The show is fun, fantastic, and evokes a little bit of that community theatre charm..without falling victim to the usual pitfalls of community theatre. It is definitely worth a watch for anyone who wants to see a smash hit musical done “homestyle.”
Theatre Raleigh presents DREAMGIRLS at 8 p.m. July 10, 2 and 8 p.m. July 11, 3 p.m. July 13, 8 p.m. July 15-17, 2 and 8 p.m. July 18, 3 p.m. July 19, 8 p.m. July 22-24, 2 and 8 p.m. July 25, and 3 p.m. July 26 in the Sara Lynn and K.D. Kennedy, Jr. Theater in the Duke Energy Center for the Performing Arts, 2 E. South St., Raleigh, North Carolina 27601.
TICKETS: $27 ($25 students, seniors 65+, and active-duty military personnel).
BOX OFFICE: 866-811-4111, firstname.lastname@example.org, or https://web.ovationtix.com/trs/pr/939885.
GROUP RATES (10+ tickets): 919-832-9997 or email@example.com.
SHOW: http://www.theatreraleigh.com/2015-season/ and http://www.dukeenergycenterraleigh.com/event/dreamgirls-5574.
PRESENTER: http://www.theatreraleigh.com/, https://www.facebook.com/pages/Theatre-Raleigh/349124511834045, and https://twitter.com/TheatreRaleigh.
NOTE: Theatre Raleigh rates this show PG-13 (due to mild language and adult content).
Dreamgirls (1981 Broadway musical): http://www.ibdb.com/show.php?id=3192 (Internet Broadway Database) and https://en.wikipedia.org/wiki/Dreamgirls (Wikipedia).
Study Guide: https://grandtheatre.com/atk/uploads/Education/Dreamgirls_Study_Guide.pdf (The Grand Theatre of London, Ontario).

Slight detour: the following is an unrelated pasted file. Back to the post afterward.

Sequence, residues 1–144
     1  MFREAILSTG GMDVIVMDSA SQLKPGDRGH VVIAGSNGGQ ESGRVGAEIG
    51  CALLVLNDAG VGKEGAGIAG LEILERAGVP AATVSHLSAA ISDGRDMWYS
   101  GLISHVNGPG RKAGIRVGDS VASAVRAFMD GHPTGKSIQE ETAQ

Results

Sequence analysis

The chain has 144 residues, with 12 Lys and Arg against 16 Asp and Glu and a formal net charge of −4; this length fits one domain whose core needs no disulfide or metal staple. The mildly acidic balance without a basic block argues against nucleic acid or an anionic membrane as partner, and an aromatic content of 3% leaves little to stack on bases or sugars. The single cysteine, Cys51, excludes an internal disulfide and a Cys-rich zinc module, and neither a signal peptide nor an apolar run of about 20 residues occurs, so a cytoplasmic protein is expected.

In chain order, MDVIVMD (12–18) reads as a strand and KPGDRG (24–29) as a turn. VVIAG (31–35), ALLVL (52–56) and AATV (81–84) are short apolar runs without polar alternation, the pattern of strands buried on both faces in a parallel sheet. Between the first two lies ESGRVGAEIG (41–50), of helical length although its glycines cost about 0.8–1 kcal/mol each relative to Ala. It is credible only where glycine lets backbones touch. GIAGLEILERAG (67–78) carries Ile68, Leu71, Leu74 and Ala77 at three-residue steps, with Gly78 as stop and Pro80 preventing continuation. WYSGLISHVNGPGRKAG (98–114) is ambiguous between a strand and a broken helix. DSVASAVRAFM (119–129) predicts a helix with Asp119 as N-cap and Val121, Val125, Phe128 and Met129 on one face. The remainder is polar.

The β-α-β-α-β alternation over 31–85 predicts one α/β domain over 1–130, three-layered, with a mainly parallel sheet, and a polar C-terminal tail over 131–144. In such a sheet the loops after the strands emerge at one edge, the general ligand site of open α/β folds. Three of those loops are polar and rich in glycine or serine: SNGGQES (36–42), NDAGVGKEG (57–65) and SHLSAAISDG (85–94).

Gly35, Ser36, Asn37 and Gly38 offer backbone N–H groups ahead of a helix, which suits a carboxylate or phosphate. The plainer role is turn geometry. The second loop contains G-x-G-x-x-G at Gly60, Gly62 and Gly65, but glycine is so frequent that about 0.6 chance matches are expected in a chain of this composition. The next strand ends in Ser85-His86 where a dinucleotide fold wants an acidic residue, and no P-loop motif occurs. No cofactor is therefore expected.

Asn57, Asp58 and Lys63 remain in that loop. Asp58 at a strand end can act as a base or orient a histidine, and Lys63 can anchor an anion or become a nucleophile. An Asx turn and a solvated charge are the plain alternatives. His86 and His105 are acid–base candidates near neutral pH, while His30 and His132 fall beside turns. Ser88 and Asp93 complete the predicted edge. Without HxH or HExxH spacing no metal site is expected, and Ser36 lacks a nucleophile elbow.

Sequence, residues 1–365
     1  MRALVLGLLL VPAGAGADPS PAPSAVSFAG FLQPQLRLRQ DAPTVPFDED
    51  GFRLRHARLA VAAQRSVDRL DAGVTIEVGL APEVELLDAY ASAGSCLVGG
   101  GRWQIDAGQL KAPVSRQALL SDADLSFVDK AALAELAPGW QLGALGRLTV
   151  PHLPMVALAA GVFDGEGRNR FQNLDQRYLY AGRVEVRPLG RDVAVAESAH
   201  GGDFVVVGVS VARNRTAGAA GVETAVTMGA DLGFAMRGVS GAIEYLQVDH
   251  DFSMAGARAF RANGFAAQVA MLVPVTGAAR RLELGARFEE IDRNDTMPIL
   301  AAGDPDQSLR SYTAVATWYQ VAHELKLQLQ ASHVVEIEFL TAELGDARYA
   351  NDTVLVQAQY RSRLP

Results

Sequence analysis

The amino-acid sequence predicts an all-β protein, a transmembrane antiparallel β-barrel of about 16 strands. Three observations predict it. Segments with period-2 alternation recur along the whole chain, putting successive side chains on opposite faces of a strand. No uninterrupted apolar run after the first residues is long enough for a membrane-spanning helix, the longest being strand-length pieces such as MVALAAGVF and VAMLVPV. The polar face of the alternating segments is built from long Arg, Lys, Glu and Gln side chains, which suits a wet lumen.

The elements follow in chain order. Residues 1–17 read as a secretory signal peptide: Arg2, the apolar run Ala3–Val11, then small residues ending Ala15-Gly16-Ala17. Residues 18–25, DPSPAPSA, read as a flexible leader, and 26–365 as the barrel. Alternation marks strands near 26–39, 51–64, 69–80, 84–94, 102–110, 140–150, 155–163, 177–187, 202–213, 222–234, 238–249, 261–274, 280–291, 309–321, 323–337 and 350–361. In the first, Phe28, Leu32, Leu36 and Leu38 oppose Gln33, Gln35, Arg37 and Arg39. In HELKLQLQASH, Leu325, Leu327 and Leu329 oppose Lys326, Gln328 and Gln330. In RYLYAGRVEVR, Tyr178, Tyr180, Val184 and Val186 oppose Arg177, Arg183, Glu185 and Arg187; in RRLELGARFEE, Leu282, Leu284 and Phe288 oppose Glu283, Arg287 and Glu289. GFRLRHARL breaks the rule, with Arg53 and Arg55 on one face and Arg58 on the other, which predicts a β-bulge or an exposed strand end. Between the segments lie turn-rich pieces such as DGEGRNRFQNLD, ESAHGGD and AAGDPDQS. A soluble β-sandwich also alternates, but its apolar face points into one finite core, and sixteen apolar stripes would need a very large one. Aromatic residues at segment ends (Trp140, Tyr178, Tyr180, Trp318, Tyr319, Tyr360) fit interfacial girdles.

Henry Krieger (music): http://www.henrykrieger.com/ (official website), http://www.ibdb.com/person.php?id=12011 (Internet Broadway Database), and https://en.wikipedia.org/wiki/Henry_Krieger (Wikipedia).
Tom Eyen (book and lyrics): http://www.ibdb.com/person.php?id=8902 (Internet Broadway Database) and https://en.wikipedia.org/wiki/Tom_Eyen (Wikipedia).
Dreamgirls (2006 film): http://www.dreamworks.com/dreamgirls/main.html (official website), http://www.tcm.com/tcmdb/title/641880/Dreamgirls/ (Turner Classic Movies page), http://www.imdb.com/title/tt0443489/ (Internet Movie Database), and https://en.wikipedia.org/wiki/Dreamgirls_%28film%29 (Wikipedia).
Lauren Kennedy (director and artistic director of Theatre Raleigh): http://www.laurenkennedy.com/ (official website), http://laurenkennedynews.blogspot.com/ (her blog), http://ibdb.com/person.php?id=70340 (Internet Broadway Database), https://www.facebook.com/slaurenkennedy (Facebook page), https://twitter.com/slaurenkennedy (Twitter page), and https://en.wikipedia.org/wiki/Lauren_Kennedy (Wikipedia).
Susie Potter is a Raleigh, NC-based freelance writer and editor. She is a 2009 graduate of Raleigh’s Meredith College, where she majored in English. She holds graduate degrees in teaching and American literature from North Carolina State University in Raleigh. In addition to her work for Triangle Arts and Entertainment, she is an award-winning author of short fiction. Her works have appeared in The Colton Review, Raleigh Quarterly, Broken Plate Magazine, Big Muddy: A Journal of the Mississippi River Valley, the Chaffey Review, and Existere. To read all of Susie Potter’s Triangle Arts and Entertainment articles and reviews, click http://triangleartsandentertainment.org/author/susie-q/. To read more of her writings, click http://www.susiepotter.com and http://www.myspace.com/susiepotter.